Tag Archives: Adolescent Literacy: A National Reading Crisis

#Teachers, It’s Time to Spark a #Literacy Revolution in America!

This is a guest post by Annie Palmer. She is a reading interventionist and literacy coach in a suburban Kansas City school district. At the time of original publication of this article, she was a classroom teacher. You can follow her on Twitter @palmeram. She blogs over at Breaking Education Barriers.

It is time for teachers across the nation to join a literacy revolution.   Many of us have heard the alarming statistics about reading and literacy in America.  Among the numbers to worry about are the facts that two-thirds of eighth-grade students do not read on grade level (NEAP, 2009) and students with below grade level reading skills are twice as likely to drop out of school as those who read on or above grade level (Adolescent Literacy: A National Reading Crisis). Are you convinced yet that we need a literacy revolution?

The components of this revolution are not in a basal program.  The answer is not more book reports, more ditto sheets, and more whole-class novels.  The answers lies in the fact that our kids are severely lacking in a motivation to read when we drown them with these traditional ways of teaching. We must first ask ourselves what will motivate our students to read.  According to Krashen (2004), 51 studies prove that students in free-reading programs perform better than or equal to students in any other type of reading program. Not only does research back this claim up, so does evidence-based research conducted by Donalyn Miller, a sixth-grade Texas teacher and author of The Book Whisperer.   Miller’s students are passing the Texas Assessment of Knowledge and Skills (TAKS) test with flying colors, and more importantly, they are motivated and inspired to read. I have to admit, after reading The Book Whisperer three years ago, I doubted that free voluntary reading (FVR) could make such an impact. I was proven wrong.  After implementing FVR through an 18-book challenge in fifth grade and a 40- book challenge in third grade, I am convinced this is the key to our literacy revolution.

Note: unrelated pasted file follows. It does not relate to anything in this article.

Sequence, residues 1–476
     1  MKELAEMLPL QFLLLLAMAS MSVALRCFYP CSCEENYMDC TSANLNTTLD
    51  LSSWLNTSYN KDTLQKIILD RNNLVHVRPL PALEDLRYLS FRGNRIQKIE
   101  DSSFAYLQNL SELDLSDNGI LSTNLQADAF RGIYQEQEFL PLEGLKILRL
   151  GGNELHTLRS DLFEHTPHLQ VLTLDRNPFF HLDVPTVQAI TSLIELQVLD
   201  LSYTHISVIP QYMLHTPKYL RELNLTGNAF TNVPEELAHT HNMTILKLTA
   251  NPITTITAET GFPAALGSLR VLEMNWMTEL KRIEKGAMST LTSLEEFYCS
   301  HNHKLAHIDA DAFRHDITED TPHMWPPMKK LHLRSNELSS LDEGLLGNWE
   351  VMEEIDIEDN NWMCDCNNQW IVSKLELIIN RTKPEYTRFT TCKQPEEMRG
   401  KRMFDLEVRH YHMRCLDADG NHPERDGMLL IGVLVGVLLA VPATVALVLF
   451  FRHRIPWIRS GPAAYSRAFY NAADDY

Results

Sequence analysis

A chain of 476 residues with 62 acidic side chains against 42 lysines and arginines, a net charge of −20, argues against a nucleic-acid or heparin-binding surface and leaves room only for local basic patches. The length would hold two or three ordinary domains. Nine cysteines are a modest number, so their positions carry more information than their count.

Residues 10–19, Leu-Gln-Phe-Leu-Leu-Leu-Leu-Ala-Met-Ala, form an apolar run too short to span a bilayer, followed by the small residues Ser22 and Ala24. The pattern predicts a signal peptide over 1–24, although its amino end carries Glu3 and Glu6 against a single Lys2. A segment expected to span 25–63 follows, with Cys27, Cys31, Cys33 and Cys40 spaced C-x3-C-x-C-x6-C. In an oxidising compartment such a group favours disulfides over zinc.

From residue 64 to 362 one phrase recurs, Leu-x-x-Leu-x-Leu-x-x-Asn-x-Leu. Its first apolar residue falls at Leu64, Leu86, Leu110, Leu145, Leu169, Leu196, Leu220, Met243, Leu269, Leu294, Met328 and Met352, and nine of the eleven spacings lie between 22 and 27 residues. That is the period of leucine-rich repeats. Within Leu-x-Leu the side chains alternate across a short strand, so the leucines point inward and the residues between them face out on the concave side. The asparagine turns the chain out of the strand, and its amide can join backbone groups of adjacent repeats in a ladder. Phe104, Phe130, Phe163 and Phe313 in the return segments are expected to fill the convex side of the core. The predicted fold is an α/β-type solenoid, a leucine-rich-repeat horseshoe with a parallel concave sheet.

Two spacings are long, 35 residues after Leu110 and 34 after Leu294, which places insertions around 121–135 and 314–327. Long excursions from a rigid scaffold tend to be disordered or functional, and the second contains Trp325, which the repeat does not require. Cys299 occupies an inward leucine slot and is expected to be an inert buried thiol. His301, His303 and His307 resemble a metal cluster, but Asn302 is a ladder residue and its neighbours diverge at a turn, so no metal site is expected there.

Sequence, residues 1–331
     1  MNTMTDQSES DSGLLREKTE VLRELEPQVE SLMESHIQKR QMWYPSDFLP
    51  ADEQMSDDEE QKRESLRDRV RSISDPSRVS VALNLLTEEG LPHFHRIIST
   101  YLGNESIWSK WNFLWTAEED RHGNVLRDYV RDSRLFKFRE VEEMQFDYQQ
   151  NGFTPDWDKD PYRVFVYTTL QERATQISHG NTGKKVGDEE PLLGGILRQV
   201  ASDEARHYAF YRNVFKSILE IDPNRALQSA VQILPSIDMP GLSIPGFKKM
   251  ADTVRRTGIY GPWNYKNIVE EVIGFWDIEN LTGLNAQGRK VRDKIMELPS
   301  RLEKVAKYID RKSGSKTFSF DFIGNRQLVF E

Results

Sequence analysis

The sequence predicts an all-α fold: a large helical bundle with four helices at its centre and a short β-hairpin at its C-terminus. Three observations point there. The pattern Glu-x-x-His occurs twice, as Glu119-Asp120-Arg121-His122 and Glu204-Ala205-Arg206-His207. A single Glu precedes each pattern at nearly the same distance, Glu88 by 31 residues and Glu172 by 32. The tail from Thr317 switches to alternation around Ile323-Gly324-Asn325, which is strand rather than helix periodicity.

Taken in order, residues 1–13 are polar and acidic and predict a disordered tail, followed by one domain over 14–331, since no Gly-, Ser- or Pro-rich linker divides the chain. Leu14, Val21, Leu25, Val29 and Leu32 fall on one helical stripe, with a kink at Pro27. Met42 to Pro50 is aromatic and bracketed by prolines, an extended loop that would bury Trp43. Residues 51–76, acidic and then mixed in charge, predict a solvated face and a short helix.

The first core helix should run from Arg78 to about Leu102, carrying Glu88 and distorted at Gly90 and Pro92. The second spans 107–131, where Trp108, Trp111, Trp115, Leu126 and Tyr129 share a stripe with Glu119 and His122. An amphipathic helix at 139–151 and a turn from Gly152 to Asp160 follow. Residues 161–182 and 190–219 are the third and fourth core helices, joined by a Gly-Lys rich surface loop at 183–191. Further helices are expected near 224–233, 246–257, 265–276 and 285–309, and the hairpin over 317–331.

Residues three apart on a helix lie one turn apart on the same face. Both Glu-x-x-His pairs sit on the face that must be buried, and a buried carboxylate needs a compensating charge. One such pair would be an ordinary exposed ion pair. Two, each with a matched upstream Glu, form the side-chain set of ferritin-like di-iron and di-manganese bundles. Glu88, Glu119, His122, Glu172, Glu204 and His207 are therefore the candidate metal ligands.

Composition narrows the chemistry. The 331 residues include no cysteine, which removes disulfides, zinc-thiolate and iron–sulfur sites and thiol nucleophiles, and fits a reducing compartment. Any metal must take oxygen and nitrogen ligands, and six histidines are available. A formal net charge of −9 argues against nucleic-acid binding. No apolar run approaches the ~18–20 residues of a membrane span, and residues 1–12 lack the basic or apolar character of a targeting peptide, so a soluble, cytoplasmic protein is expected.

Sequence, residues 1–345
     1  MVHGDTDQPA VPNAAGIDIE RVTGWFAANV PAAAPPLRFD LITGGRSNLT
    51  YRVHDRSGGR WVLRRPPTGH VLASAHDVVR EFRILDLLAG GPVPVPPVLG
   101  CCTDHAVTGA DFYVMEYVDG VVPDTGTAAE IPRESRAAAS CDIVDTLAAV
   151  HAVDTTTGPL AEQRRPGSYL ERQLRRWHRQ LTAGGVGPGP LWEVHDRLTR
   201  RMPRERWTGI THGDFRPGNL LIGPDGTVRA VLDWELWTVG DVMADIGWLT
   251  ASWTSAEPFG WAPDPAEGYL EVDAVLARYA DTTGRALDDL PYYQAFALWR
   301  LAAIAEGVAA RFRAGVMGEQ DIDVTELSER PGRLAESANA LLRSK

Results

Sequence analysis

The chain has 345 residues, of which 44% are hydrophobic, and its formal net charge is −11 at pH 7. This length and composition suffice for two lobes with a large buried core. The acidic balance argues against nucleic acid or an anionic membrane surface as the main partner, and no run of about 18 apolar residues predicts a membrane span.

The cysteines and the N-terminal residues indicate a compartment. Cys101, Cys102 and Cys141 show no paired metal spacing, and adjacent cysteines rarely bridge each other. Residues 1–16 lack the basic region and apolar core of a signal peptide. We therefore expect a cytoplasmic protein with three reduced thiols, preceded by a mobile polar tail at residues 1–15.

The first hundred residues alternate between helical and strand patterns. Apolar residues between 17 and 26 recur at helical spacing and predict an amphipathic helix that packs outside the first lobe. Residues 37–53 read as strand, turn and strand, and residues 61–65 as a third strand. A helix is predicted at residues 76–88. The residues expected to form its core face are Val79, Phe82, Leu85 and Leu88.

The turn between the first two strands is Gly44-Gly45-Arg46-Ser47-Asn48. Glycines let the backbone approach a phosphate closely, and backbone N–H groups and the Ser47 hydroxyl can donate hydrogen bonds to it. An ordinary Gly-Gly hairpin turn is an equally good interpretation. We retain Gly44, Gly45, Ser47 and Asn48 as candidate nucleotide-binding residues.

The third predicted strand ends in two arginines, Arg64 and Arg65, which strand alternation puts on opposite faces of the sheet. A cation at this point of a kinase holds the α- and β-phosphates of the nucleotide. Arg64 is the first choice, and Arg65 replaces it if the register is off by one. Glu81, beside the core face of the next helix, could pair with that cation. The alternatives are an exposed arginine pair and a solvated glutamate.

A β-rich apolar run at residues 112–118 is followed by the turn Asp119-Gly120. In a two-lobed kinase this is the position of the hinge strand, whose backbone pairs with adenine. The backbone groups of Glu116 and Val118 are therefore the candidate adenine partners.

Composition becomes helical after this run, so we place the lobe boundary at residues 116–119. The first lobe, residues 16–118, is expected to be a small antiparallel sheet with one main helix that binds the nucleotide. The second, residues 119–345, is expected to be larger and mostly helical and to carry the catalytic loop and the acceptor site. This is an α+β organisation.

My classroom was transformed from mundane skills-only instruction to a classroom where students took part in daily conversations about higher-level questions about their reading, excitement about what they were going to read next, and a sense of pride simply from the sheer amount and depth of reading.  And yes, that was without any extrinsic incentives!  The reward was the reading itself. (Yes, kids do read without extrinsic rewards). 

There was definitely an adjustment period for the students, parents and for me as we underwent this new approach.  Questions from the students included “You mean I have to do 18 book reports?!”  No, was the answer to that; they did not do book reports.  One does not need a book report to know whether students are comprehending text or even to know whether they can summarize.  Suggestions from parents included making the kids take an Accelerated Reader test.  Again, one does not need a test to know whether a child comprehends or even to figure whether they actually read the book.  The point of free voluntary reading is to get students excited about reading, to make them life-long readers and to facilitate intrinsic motivation to read.  I used my classroom lessons and assessments to gauge their ability to comprehend text.  Free voluntary reading was about creating the love of books, which is way more likely to encourage someone to read the rest of their life than a book report, an Accelerated Reader test or any classroom lesson.  Lessons, assessments, and comprehension checks need to be a part of a communication arts classroom, but without free voluntary reading, a classroom teacher is only helping students pass their class, not helping them be a life-long reader and thinker.

The first year I took this approach was the first year I started receiving notes from parents, saying “thank you, my child now loves to read.”  One of the most impactful responses I received from a parent and her child was as follows:

“My son and I we were discussing his day at school and if he had homework this evening. He mentioned that he needed to read, which lead me to tell him that I have noticed an increased interest in him wanting to read. His response was enlightening! He said, “Oh yes, mom, Mrs. Palmer has changed my life”. It was a very sincere statement and just wasn’t quite what I was expecting in reply. He continued to say that he likes to read and when he gets a good book, he just can’t put it down. Jake has always read books because he needed to and because we’ve encouraged him to; however, he has never enjoyed reading or picked up books at the spur of the moment until this year. Thank you!”

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